Federal Disability Retirement benefits exist for Federal and Postal employees, whether under FERS or CSRS, for two primary purposes: (A) to allow a Federal or Postal employee who has a medical condition which prevents him or her from performing all of the essential elements of his or her job, to receive an annuity because of one’s service to the Federal Sector, based upon minimum qualification criteria (18 months of Federal Service under FERS; 5 years under CSRS) and (B) to encourage that Federal or Postal employee to continue to contribute in the private sector, but working at some other job, and begin a “second” career, if possible.
It is not an entitlement; it is a benefit which is progressive in the sense that it recognizes a compassionate need to compensate in return for the many years that the Federal or Postal employee has contributed to the work force, as well as recognizing the intelligent paradigm of encouraging continuing contribution in a different career path. Most Federal and Postal employees do not “want” to file for, or become eligible to receive, Federal Disability Retirement benefits.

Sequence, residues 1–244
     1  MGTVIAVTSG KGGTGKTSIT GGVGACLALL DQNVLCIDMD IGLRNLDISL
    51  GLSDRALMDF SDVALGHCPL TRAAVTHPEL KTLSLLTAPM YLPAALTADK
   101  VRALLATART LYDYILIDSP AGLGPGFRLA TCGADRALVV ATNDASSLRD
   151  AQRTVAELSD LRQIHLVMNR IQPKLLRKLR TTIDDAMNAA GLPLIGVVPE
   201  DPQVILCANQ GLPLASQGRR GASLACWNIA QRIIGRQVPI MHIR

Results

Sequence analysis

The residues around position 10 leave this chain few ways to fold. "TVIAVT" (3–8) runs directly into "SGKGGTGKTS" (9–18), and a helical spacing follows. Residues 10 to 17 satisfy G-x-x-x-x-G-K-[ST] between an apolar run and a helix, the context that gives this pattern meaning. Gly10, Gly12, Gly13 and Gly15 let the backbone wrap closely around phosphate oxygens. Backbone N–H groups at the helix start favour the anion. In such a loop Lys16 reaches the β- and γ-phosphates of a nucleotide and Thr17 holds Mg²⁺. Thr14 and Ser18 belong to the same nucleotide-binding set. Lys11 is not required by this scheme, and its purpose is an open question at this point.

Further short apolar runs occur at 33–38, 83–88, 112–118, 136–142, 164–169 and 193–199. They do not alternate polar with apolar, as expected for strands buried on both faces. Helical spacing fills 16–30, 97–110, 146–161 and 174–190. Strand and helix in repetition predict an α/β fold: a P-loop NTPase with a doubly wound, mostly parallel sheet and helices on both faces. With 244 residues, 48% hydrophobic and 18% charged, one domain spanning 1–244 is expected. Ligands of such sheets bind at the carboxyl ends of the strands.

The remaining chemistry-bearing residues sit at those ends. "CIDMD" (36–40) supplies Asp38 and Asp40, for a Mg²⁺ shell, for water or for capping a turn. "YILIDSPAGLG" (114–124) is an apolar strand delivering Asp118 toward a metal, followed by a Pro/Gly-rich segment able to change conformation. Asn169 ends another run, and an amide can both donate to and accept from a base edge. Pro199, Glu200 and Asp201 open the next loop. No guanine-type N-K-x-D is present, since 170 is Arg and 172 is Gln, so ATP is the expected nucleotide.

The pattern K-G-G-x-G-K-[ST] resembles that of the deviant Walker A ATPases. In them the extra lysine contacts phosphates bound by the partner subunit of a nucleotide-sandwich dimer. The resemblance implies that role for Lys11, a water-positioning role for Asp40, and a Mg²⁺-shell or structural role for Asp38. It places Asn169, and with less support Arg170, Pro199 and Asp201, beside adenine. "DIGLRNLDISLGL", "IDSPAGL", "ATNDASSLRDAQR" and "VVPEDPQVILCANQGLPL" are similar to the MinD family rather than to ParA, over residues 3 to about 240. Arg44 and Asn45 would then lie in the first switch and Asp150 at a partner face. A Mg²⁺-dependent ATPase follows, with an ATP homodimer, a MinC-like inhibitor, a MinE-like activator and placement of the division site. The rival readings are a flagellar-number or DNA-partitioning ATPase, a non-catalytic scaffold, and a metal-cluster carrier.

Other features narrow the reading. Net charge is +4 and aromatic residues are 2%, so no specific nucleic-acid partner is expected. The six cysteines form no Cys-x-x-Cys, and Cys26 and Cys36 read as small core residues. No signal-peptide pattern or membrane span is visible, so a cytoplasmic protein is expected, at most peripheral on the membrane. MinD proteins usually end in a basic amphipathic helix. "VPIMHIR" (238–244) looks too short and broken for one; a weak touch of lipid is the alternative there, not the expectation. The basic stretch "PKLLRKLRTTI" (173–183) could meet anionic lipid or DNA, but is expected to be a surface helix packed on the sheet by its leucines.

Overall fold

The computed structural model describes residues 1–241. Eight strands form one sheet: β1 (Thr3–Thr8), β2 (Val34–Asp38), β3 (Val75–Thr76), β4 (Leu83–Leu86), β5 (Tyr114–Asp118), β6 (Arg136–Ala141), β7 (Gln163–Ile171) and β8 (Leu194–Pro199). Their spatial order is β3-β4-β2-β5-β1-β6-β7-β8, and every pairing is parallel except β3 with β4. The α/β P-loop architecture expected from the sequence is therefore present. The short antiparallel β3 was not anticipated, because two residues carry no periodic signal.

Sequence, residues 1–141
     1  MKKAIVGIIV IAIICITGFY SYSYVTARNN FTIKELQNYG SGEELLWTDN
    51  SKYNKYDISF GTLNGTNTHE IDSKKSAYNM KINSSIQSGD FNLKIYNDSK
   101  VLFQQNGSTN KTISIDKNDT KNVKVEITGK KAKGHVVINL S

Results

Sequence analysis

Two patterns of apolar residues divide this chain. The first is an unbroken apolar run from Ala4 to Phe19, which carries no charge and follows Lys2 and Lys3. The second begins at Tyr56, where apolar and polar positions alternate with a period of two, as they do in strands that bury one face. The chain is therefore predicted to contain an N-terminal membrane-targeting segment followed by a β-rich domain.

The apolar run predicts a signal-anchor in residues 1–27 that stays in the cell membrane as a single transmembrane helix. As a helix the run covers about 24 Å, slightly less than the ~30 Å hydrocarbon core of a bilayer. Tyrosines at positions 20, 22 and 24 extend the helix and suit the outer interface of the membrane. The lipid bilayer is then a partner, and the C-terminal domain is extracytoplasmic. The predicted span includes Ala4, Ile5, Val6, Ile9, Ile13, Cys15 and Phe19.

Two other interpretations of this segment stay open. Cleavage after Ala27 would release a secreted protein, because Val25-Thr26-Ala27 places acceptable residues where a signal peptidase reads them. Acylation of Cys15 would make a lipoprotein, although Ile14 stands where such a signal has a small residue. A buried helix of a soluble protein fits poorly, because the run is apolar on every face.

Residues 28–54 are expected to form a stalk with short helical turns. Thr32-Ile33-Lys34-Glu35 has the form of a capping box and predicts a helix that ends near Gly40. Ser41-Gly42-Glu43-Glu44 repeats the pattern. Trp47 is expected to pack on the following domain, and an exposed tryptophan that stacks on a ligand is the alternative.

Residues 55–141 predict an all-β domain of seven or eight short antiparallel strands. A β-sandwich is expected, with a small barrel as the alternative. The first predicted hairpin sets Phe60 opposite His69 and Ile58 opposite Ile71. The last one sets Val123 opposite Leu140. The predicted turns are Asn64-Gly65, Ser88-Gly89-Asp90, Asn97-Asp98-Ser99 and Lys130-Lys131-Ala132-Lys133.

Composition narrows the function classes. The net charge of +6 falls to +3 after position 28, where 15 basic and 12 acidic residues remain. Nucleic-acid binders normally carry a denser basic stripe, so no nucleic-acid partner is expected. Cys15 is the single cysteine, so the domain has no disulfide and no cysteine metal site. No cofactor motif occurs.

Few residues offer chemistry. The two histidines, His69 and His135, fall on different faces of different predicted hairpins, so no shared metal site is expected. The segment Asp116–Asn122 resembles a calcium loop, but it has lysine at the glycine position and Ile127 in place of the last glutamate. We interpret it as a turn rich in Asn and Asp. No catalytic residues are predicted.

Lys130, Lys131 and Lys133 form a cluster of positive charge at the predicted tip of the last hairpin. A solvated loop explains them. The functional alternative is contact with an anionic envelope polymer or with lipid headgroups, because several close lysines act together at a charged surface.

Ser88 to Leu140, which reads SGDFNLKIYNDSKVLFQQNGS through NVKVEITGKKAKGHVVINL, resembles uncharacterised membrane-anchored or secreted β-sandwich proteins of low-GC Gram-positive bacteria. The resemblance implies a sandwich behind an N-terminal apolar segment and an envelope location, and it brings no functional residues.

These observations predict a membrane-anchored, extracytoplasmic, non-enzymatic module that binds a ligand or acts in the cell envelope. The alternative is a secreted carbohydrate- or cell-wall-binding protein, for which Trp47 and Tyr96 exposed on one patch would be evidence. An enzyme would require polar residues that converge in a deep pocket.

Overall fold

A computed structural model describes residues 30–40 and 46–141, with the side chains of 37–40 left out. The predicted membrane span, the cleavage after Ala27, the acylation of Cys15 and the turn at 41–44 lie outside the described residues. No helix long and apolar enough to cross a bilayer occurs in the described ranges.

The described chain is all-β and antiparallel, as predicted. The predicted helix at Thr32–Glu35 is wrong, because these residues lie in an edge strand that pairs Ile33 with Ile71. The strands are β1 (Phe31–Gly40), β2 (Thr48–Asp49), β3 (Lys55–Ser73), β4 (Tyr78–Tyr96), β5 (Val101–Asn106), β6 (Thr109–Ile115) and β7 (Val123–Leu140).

It is not a “choice”. Rather, most Federal and Postal employees, after many, many years of service, have come to a point of recognition in both the extent, severity and chronicity of their medical conditions, as well as the progressively deteriorating impact upon his or her ability to perform all of the essential elements of the job, that continuing in the same daily struggle with life is inconsistent with retention and continuation in the Federal Service.
It is a benefit which is part of the total compensation package that one signed onto when one became a Federal or Postal employee. No apologies are needed to file for the medical benefit; it is merely the consummation of a contract, agreed to and signed for at the beginning of one’s career.
Robert R. McGill, Esquire